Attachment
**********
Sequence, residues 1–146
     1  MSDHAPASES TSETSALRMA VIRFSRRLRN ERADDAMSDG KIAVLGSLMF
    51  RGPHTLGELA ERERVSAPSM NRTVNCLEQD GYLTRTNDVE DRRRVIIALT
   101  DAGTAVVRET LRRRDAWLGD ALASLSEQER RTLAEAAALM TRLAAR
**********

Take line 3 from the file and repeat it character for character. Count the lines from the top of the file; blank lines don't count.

    51  RGPHTLGELA ERERVSAPSM NRTVNCLEQD GYLTRTNDVE DRRRVIIALT